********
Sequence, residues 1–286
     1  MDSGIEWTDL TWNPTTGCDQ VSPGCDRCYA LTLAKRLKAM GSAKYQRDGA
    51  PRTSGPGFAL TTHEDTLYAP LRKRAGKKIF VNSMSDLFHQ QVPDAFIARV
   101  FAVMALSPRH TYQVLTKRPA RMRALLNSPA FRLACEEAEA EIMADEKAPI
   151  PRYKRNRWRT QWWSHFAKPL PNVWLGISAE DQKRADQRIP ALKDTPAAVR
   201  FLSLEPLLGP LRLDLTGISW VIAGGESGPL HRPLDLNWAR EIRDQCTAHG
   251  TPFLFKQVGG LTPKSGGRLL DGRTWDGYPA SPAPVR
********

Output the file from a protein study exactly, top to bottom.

Sequence, residues 1–286
     1  MDSGIEWTDL TWNPTTGCDQ VSPGCDRCYA LTLAKRLKAM GSAKYQRDGA
    51  PRTSGPGFAL TTHEDTLYAP LRKRAGKKIF VNSMSDLFHQ QVPDAFIARV
   101  FAVMALSPRH TYQVLTKRPA RMRALLNSPA FRLACEEAEA EIMADEKAPI
   151  PRYKRNRWRT QWWSHFAKPL PNVWLGISAE DQKRADQRIP ALKDTPAAVR
   201  FLSLEPLLGP LRLDLTGISW VIAGGESGPL HRPLDLNWAR EIRDQCTAHG
   251  TPFLFKQVGG LTPKSGGRLL DGRTWDGYPA SPAPVR